The Cordish Cos. is planning an $11 million makeover to the decade-old… (Handout photo )
The Power Plant Live entertainment district is getting a permanent outdoor stage with oversized video screens covered by a 50-foot-high glass canopy in time for next summer's concert season, the project's developer said Friday.
The $11 million makeover also includes new bars and restaurants and marks the first major renovations since the project opened a decade ago in downtown Baltimore a block north of the Inner Harbor.
"It's building upon an existing strength and taking it to a new level," said Reed Cordish, a vice president of Baltimore-based Cordish Cos., which renovated the collection of buildings formerly known as the Brokerage and opened Power Plant Live at the end of 1999. "We've found across the country, one must reinvest to continue to move forward. It's not the type of district that can remain stagnant."
The complex at Lombard Street and Market Place houses Ruth's Chris Steak House, Havana Club and Rams Head Live, among others. New tenants include Tatu Asian grill, which operates another restaurant in Hollywood, Fla., and opened recently in the Power Plant Live space formerly occupied by the Blue Sea Grill restaurant.
Country-themed bar PBR Baltimore, which stands for Professional Bull Riders, will open in the spring near Angels Rock Bar on the second level above sports bar Luckie's Tavern, which is expanding. PBR also operates bars in Las Vegas and in the Power and Light District, a Cordish-developed project in Kansas City, Mo.
Cordish also said he is close to finalizing a deal to bring in a 7,000-square-foot restaurant concept that would open by summer in space formerly occupied by the Improv Comedy Club.
He declined to comment on a report Friday by the Baltimore Business Journal that the Baltimore Comedy Factory, now located above Burke's Restaurant downtown, has signed on as a tenant.
In an e-mail, the Comedy Factory's owner, Matt Weber, said he believed Cordish's planned investment at Power Plant Live would "make it an even greater destination for years to come." He also said: "We look forward to being a part of the future of Power Plant Live!" But he declined to provide any other details.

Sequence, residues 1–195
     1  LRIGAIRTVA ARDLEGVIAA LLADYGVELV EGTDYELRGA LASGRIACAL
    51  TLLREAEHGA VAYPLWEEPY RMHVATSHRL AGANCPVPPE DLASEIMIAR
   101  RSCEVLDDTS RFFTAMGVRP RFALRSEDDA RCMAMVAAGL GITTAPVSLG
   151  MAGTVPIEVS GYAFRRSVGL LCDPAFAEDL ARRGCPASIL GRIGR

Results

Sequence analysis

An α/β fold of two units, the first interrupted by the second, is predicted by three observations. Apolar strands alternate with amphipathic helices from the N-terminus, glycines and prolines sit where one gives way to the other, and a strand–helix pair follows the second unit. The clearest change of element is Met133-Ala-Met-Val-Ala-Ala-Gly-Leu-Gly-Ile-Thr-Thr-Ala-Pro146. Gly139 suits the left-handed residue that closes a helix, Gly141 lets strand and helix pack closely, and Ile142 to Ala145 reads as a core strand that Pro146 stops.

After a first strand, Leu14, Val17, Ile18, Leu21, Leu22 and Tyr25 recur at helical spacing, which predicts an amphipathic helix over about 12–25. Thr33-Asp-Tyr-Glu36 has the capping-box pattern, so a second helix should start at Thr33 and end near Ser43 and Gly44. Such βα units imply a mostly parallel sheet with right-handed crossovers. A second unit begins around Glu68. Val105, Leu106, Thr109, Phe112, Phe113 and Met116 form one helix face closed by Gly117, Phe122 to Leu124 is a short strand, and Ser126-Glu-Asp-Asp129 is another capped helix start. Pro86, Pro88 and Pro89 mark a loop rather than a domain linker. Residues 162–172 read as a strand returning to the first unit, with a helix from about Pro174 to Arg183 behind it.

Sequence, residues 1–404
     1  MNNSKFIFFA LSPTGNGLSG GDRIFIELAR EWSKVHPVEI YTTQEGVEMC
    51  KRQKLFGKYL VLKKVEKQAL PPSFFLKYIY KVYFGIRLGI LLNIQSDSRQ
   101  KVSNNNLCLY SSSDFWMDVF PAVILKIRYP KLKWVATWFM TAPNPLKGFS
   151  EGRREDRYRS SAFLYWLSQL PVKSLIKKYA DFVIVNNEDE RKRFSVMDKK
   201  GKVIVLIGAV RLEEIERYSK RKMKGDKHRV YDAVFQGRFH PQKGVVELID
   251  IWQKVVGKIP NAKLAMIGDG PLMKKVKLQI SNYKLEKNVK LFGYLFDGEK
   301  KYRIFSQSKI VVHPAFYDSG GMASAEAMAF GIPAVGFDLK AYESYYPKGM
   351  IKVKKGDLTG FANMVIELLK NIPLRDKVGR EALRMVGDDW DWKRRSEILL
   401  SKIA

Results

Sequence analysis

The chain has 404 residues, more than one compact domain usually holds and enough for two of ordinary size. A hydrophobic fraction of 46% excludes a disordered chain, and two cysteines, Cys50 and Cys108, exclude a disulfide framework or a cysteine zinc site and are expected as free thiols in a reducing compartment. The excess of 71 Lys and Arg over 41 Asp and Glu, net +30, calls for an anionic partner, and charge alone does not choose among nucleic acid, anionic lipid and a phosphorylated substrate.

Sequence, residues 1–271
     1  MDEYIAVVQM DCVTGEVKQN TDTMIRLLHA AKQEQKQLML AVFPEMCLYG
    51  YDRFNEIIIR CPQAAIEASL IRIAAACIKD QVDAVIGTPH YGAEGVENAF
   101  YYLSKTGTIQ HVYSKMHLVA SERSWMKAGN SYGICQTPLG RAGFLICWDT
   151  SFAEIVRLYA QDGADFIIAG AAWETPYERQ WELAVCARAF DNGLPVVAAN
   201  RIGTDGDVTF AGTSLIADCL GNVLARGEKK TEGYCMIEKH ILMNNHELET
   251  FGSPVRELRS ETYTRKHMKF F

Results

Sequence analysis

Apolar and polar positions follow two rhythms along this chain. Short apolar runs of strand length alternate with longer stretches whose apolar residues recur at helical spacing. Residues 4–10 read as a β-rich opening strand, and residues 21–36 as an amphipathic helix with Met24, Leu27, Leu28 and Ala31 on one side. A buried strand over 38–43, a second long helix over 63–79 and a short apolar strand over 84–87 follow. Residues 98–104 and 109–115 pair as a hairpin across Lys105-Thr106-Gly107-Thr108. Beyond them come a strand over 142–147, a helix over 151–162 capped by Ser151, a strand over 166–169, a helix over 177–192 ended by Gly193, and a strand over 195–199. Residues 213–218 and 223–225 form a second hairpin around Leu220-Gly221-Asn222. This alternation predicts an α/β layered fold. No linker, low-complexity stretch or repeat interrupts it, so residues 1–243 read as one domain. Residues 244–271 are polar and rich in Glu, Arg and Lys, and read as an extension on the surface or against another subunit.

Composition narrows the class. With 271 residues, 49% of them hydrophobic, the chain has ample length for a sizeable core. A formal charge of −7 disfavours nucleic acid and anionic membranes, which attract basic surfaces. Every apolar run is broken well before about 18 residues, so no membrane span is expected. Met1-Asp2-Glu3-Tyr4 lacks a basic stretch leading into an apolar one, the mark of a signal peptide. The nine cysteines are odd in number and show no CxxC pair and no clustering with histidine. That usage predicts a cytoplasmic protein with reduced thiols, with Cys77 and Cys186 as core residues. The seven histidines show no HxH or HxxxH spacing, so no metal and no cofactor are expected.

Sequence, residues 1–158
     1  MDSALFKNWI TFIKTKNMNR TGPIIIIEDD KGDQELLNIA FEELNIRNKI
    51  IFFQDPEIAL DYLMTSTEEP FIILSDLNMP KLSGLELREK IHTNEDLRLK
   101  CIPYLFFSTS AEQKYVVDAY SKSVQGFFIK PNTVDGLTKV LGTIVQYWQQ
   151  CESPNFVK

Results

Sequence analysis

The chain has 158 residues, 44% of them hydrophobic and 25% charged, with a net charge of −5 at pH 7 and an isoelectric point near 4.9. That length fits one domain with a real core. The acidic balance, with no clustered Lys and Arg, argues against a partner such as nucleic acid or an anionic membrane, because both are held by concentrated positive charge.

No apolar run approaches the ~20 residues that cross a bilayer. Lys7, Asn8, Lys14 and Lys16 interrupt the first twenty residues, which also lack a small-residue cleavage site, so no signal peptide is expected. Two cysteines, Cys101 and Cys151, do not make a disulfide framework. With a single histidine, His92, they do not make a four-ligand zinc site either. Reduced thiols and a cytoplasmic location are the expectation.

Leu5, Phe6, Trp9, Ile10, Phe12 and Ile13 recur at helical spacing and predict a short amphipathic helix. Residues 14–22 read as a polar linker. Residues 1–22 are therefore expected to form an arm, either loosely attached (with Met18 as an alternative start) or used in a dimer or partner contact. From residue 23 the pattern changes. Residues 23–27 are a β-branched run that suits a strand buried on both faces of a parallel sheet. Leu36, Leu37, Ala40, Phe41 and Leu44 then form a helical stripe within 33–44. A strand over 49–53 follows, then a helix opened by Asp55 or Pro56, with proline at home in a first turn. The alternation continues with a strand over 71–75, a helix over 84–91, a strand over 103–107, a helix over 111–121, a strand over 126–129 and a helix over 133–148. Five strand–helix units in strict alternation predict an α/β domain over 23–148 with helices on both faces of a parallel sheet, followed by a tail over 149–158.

Together, all of the new tenants who have signed leases or are expected to soon would boost retail occupancy at the project to 100 percent, Cordish said.
He said the outdoor plaza upgrades, which also would include a new valet drop-off area, will be similar to features at other Cordish-developed entertainment districts, such as the Kansas City Live block in the Power and Light District, where thousands of people often gather to watch high-profile events such as World Cup soccer on giant video screens.
The plaza outside Power Plant Live already has become the site of free, weekly outdoor concerts each summer as well as Baltimore Ravens events.
"That plaza has become this great part of downtown Baltimore entertainment," Cordish said. "Now it will have elements that make it truly state-of-the-art."
Other upgrades include improvements to common areas of the 220,000 square feet of office space at Power Plant Live, which is now 80 percent occupied with tenants such as Johns Hopkins Hospital, law firms and Mission Media.
Power Plant Live was the developer's first district focused on bars, restaurants and other entertainment tenants. The company has since opened similar districts in Hollywood, Fla.; Louisville, Ky.; and Kansas City that have already undergone improvements.